When Jennifer Williams walked into the Nalley Lexus dealership in Georgia recently, all she needed was a salesperson to provide her a good deal on her trade-in, the keys to her RX 350 SUV and a happy wave goodbye.
Thanks to the Internet, Williams had done her research ahead of time and already knew what cars were available on the lot, as well as their features, price and even ownership and mileage records.
"I just needed to know what [they were] going to give me for my trade, talk interest rates and see if they could take a little bit off" the price of the car she wanted, she says.
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Williams is the epitome of the new shopper, industry experts say. Unlike a decade ago, today's car buyers walk in the door with almost as much knowledge about what's on a lot as the sales staff.
"The opportunity to negotiate has almost been eliminated," says Sid Barron, general manager at Lexus South, emphasizing that this is especially true among young car buyers who may not even understand the concept of negotiating. "You have to build value."
The industry is making up the lost negotiation edge through stronger volume — car sales have surged since 2009 — and by capturing more of the service business.
"Dealers are getting more aggressive on pricing, such as oil changes," says Rick Nelson, an analyst for research firm Stephens. "They also throw in loaner cars of the quality that customers expect."
Dealerships now realize they can improve one-on-one relationships with customers through the Internet. The average consumer spends 19 hours researching before a purchase, 11.4 hours (60 percent) of that online, according to a JD Powers study.
Dealers accumulate email lists to blast out news of bargains, new shipments and updated models to past and interested car buyers. Service departments are savvier about updating motorists on scheduled maintenance through emails.
And dealerships' efforts to gain an edge over their competitors have led to more transparency about inventory and pricing, giving consumers more information than they had in the past.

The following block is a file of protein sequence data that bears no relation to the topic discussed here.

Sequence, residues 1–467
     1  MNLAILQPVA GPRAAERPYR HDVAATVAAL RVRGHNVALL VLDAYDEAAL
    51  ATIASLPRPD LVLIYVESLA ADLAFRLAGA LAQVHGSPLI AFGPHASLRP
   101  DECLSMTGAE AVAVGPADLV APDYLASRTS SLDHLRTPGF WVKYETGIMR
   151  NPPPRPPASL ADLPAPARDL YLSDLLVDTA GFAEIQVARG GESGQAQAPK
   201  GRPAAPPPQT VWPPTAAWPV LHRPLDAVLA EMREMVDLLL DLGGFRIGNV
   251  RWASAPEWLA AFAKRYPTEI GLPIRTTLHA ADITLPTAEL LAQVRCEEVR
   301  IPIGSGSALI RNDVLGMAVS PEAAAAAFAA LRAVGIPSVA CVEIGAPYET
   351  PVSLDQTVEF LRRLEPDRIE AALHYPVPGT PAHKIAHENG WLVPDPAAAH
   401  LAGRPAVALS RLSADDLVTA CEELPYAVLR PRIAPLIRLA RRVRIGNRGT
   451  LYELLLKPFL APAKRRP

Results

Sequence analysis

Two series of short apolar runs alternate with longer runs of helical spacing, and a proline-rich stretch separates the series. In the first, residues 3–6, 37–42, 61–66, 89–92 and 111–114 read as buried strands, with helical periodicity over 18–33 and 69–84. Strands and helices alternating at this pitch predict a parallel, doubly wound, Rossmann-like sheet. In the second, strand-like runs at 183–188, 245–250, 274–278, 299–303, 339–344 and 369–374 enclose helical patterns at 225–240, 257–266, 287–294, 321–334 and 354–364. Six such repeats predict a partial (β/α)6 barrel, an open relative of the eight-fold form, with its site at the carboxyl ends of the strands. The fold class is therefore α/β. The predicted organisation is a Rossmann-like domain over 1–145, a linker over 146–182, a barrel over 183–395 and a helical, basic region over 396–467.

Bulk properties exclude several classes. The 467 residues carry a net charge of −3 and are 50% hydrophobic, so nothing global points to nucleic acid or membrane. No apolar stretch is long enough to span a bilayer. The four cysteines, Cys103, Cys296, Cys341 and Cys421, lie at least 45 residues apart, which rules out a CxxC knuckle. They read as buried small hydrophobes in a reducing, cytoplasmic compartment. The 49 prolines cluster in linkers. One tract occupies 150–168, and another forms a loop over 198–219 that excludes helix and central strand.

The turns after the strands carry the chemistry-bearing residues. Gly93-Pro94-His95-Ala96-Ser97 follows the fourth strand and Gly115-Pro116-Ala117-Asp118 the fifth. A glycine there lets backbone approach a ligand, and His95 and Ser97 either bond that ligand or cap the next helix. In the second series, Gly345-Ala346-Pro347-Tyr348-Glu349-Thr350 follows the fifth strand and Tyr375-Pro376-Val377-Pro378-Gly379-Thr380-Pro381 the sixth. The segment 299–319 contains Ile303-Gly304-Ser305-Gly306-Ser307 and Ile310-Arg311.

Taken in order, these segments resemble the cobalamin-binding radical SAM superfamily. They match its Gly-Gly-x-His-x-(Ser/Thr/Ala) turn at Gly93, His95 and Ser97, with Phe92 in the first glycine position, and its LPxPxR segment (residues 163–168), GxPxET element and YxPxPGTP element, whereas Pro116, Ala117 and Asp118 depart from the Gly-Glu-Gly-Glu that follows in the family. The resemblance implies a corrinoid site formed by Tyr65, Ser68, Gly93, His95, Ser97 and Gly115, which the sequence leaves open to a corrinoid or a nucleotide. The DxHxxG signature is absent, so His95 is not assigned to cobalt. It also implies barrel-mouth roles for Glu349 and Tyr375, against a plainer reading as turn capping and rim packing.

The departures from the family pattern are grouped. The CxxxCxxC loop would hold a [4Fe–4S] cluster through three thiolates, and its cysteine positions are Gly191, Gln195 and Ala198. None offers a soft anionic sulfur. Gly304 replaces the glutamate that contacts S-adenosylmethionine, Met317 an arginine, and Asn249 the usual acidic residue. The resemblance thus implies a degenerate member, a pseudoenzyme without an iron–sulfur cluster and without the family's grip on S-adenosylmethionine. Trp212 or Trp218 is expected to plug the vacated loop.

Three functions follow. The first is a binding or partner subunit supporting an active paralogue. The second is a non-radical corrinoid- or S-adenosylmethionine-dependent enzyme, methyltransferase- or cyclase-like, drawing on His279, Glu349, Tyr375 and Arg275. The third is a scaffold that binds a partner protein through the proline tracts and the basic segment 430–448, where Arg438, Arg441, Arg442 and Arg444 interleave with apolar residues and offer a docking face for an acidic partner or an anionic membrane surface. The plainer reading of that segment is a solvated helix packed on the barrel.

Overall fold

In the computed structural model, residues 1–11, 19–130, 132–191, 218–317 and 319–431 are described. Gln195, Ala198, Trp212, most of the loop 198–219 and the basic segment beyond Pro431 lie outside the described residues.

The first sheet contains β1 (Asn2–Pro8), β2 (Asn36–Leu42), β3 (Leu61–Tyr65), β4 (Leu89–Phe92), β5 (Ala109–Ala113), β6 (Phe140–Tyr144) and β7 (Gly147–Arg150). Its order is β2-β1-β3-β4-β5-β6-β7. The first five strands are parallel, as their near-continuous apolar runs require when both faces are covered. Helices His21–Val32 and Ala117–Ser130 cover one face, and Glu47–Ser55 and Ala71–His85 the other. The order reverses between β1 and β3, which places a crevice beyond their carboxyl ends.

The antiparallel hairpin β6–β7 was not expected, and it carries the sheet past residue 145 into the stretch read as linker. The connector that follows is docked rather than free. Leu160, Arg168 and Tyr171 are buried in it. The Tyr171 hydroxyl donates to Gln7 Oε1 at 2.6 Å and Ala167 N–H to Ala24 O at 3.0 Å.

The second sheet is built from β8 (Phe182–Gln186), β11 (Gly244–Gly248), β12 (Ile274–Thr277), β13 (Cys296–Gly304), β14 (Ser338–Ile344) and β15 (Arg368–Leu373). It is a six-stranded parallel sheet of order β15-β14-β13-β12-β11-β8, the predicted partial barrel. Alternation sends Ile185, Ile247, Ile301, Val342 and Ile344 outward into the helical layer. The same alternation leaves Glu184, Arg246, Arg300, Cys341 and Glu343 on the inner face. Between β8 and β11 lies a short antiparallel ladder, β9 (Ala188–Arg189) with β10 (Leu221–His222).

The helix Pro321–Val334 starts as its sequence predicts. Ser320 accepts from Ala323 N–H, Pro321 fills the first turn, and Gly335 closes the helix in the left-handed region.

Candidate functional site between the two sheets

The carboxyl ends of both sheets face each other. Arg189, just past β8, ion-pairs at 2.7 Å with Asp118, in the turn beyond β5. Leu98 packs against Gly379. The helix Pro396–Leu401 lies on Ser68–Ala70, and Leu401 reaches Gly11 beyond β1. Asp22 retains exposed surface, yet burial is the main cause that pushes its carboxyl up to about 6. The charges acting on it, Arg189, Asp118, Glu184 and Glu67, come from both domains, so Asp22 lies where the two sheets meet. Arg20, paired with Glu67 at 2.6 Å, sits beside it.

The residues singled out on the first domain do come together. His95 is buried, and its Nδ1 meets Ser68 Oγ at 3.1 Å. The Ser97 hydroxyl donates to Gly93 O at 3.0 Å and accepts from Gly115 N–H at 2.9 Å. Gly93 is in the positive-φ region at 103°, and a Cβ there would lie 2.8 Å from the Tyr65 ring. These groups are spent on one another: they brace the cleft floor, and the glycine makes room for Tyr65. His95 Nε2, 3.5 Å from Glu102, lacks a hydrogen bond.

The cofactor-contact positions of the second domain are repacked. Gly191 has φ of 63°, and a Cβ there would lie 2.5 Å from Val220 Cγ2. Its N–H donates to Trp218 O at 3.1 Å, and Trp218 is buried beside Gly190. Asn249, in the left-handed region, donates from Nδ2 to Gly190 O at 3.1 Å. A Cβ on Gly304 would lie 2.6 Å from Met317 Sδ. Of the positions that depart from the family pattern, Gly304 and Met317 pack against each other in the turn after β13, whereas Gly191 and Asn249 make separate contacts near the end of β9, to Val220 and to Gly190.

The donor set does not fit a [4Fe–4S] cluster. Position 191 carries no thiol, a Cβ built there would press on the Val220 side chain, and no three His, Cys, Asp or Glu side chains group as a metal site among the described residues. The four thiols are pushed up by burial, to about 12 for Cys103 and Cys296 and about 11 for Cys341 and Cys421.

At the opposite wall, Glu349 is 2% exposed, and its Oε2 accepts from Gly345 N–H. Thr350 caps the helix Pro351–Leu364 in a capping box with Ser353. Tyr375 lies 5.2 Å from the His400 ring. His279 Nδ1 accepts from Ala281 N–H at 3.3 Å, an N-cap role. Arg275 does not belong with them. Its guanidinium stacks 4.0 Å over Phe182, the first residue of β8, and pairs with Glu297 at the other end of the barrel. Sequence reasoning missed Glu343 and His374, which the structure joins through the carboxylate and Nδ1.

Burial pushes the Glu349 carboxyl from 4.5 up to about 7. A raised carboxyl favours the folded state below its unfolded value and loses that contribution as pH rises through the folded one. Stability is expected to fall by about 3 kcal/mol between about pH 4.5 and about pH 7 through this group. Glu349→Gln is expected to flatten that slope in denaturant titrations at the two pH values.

As a consequence, online car shopping has almost eliminated the need to go from lot to lot searching for a vehicle.
"Prior to 2006, customers visited an average of 4.1 dealerships before purchasing a vehicle," says Craig Monaghan, president and chief executive officer of Duluth, Minn.-based Asbury Automotive Group. "Now, customers visit an average of 1.3 dealerships prior to purchasing a vehicle."
What consumers can't get online they can request through email. But dealerships have to act fast. In a world where almost everyone has a smartphone and expects instant communication, a dealership's failure to respond quickly is almost the equivalent of showing a lack of interest, experts say.
"You have to get back to them in an hour or, better, less than an hour," says Steve Mader, owner and general manager of a dealership in Newnan, Ga. "And you need to get back with a transaction price that is realistic, and other options in case you need them."
Car-lot owners say they like the more-informed customer.
"Asbury believes this upfront education is good for both the dealership and the consumer," Monaghan says. "It allows us to build an open, honest, long-term relationship. Another benefit to such an extensive amount of research beforehand is that it can lead to a quicker purchasing process, which is mutually beneficial."
Williams agrees. She says she upped her understanding of how the industry negotiates deals because she was burned in past purchases. Now, she says, she often knows more than the salespeople. "I like to leave thinking that I got a good deal and that they didn't lose money," she says.